A number of prominent Chinese human rights lawyers being held on suspicion of subversion have allegedly “fired” their defense attorneys, but those familiar with the case said it was the authorities who terminated the defenders.
Rights lawyer Wang Yu, detained alongside her husband and several colleagues at Beijing’s Fengrui law firm at the start of a nationwide crackdown that began on the night of July 9, 2015, canceled her instructions to her lawyer on Thursday.
Wang, who is being held on suspicion of “subversion of state power,” fired her lawyer Wen Donghai, who only found out when he tried to
visit her at the Tianjin No. 2 Detention Center on Thursday.
Wen told RFA on Friday he has strong doubts about the claim, however.
“Firstly, they wouldn’t produce written confirmation that Wang Yu has terminated her instructions to me,” Wen said. “Neither would they let me visit Wang Yu to confirm it in person.”
“Given the circumstances, I’d say it is the police who are firing us.”
Wen said police had told him that any lawyer could only be hired if they had police approval.
“Basically, they are now hiring the lawyers; they won’t allow the families to do it,” he said. “This is ridiculous, and it is in breach of existing law on lawyers, and of the Criminal Procedure Law.”
Meanwhile, lawyer Huang Hanzhong, who represents Wang’s husband Bao Longjun, said he had received a similar notification after trying to visit his client at the Tianjin No. 2 Detention Center.
“Actually I had been expecting this, although I hoped it wouldn’t happen,” Huang said. “It shows what the attitude of the prosecuting authorities is; they are acting irrationally, unreasonable and illegally according to existing rules and legislation.”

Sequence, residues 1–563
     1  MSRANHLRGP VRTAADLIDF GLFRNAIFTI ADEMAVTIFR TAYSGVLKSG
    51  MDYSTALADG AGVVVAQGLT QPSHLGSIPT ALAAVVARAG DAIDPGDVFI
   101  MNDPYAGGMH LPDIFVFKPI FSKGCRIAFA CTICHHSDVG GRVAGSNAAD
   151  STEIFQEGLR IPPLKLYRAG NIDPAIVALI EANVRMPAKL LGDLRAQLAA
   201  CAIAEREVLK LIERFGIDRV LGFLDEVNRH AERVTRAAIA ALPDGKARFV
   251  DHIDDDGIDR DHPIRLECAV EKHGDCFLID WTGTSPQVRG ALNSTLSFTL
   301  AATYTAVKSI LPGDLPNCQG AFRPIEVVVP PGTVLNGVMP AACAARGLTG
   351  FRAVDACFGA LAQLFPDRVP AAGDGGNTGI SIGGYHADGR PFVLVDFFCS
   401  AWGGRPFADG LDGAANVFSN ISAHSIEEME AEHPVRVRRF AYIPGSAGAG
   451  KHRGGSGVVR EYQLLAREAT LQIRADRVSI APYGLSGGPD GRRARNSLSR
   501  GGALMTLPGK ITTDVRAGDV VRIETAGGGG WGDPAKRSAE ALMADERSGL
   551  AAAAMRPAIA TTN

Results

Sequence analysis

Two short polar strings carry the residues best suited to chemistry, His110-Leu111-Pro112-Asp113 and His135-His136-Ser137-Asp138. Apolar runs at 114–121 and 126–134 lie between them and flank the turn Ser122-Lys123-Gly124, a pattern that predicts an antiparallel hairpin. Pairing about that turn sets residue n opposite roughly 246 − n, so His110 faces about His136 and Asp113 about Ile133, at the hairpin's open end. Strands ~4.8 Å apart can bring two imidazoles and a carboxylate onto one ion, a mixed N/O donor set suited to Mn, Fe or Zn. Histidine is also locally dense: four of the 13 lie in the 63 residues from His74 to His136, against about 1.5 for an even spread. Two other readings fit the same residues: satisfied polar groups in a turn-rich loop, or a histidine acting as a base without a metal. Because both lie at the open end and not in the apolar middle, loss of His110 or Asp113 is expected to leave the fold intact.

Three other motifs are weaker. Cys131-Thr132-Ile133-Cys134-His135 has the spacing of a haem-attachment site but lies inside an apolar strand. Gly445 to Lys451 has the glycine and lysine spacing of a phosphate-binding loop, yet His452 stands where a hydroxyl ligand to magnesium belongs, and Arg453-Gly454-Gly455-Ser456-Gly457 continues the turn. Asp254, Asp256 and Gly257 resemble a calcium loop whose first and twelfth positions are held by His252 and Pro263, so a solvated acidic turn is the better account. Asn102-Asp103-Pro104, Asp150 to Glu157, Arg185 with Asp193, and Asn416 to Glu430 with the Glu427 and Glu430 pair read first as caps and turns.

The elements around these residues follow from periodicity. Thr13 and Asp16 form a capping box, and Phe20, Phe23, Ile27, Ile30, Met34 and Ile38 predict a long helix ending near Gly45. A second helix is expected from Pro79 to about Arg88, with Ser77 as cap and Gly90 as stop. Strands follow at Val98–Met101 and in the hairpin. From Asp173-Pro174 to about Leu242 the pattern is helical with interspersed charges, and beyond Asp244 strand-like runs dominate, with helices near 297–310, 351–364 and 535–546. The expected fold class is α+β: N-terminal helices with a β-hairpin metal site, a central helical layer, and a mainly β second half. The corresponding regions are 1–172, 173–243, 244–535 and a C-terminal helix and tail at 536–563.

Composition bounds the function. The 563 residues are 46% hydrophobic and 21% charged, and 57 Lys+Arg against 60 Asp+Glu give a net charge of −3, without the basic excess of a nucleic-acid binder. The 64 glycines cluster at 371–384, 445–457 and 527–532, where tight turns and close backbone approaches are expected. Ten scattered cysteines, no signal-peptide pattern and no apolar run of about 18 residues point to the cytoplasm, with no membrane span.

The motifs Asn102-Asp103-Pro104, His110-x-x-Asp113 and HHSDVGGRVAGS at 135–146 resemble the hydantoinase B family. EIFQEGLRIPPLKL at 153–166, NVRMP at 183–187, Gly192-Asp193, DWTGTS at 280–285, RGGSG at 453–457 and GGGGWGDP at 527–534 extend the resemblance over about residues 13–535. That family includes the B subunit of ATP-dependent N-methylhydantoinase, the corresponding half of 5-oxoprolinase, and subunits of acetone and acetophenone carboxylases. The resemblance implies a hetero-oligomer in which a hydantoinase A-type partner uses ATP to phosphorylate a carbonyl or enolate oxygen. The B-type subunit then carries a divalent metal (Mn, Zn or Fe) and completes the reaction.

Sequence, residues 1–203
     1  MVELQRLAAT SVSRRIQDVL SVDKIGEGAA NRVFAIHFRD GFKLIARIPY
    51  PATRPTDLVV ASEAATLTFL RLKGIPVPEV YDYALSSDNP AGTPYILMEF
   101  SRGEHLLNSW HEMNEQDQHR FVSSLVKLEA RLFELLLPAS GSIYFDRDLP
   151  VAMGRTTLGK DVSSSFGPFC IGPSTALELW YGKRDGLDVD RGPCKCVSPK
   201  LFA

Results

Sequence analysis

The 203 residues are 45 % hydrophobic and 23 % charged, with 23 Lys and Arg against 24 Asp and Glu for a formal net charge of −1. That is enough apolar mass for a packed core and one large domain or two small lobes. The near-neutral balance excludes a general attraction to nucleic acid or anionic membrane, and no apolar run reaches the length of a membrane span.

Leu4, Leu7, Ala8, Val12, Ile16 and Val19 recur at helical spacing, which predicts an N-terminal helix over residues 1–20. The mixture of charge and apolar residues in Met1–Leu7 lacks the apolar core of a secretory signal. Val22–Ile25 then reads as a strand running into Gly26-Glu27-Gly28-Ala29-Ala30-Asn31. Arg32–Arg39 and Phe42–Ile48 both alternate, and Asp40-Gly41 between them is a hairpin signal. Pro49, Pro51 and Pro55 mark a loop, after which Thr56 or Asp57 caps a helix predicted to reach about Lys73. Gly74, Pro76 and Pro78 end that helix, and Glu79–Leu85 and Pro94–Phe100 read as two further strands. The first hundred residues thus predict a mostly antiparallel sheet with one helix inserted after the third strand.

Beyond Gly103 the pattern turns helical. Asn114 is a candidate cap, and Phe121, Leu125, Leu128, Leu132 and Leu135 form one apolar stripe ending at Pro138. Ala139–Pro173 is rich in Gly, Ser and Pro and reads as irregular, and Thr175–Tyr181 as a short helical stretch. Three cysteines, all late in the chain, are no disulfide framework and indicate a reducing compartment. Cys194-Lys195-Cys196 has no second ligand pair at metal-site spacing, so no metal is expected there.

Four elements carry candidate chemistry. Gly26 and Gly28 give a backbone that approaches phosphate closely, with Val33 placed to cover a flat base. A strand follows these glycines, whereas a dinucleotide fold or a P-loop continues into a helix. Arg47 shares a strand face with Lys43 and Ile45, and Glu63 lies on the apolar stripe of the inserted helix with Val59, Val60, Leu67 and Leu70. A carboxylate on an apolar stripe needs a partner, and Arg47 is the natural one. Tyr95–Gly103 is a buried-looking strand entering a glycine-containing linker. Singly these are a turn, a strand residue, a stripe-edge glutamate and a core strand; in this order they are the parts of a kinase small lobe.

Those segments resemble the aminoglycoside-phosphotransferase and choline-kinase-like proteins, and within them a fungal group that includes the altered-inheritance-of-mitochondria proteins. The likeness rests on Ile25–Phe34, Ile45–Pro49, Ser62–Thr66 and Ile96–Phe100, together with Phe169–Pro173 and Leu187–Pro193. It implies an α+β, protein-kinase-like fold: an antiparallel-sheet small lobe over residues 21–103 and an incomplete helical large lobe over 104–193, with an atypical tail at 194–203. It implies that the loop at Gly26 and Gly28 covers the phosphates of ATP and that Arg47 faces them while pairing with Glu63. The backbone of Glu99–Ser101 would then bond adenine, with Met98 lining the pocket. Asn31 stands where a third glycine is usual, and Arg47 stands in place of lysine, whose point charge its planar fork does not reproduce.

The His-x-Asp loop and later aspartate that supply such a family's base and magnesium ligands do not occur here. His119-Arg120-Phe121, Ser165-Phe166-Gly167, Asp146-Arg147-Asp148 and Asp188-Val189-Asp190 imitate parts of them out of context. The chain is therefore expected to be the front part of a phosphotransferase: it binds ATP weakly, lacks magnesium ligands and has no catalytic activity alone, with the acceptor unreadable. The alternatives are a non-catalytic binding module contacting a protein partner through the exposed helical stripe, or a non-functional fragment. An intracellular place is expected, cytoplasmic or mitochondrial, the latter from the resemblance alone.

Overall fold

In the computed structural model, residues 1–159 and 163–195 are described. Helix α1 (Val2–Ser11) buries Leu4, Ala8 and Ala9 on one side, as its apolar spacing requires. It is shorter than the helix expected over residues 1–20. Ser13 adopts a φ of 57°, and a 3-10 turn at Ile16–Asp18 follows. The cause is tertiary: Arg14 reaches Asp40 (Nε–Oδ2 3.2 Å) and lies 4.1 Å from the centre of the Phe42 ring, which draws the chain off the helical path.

“As a lawyer, I strongly protest this blatant trampling of the law,” Huang said. Bao is currently being held on charges of “incitement to subvert state power.”
Wen said officials had refused to indicate which authority was behind the decision to “fire” the lawyers.
“[The official I spoke to], Li Bin wouldn’t tell me … which department he worked for, but he didn’t look like a policeman … he didn’t wear uniform and he didn’t show any ID,” Wen said.
“He said he was [temporarily in charge of the case]. I have doubts about the identity of this Li Bin; I think he’s just window-dressing.”
In total, 17 of more than 300 lawyers detained and questioned since July 9 last year now face “subversion” charges, while four are charged with “incitement to subvert state power.”
Another lawyer, Li Heping, has been charged with “assisting in the destruction of evidence,” while legal and free speech activist Wu Bin, known by his online nickname The Butcher, is also charged with “incitement to subvert state power.”
Li Heping’s lawyers Cai Ying and Ma Lianshun were similarly “fired” when they tried to visit him in the Tianjin No. 1 Detention Center on Wednesday, Cai told RFA.
“They told me at the detention center that Li Heping have already terminated our instructions to represent him,” Cai said. “We asked for written confirmation, but they couldn’t give it to us.”
“We tried again [on Thursday] to visit Li Heping, and handed the application directly to them, but they wouldn’t take it,” Cai said. “I wonder what they are playing at here?”
“It could be something to do with plans for a secret trial or secret detention.”
Li Heping’s wife, Wang Qiaoling, said she had never seen any proof that the order to fire the lawyers came from her husband.
“I don’t recognize this verbal claim as valid,” Wang said. “If you want to fire a lawyer, all you have to do is meet with them; it’s very simple and straightforward.”
“But the authorities are using unofficial channels, so I don’t regard it as legitimate,” she said.
Since the crackdown began, at least 317 lawyers, law firm staff, human right activists and family members have been questioned, summoned, forbidden to leave the country, held under house arrest or residential surveillance, criminally detained, arrested or gone missing, according to the Hong Kong-based Chinese Human Rights Lawyers Concern Group.
Reported by Wen Yuqing for RFA’s Cantonese Service, and by Yang Fan for the Mandarin Service. Translated and written in English by Luisetta Mudie.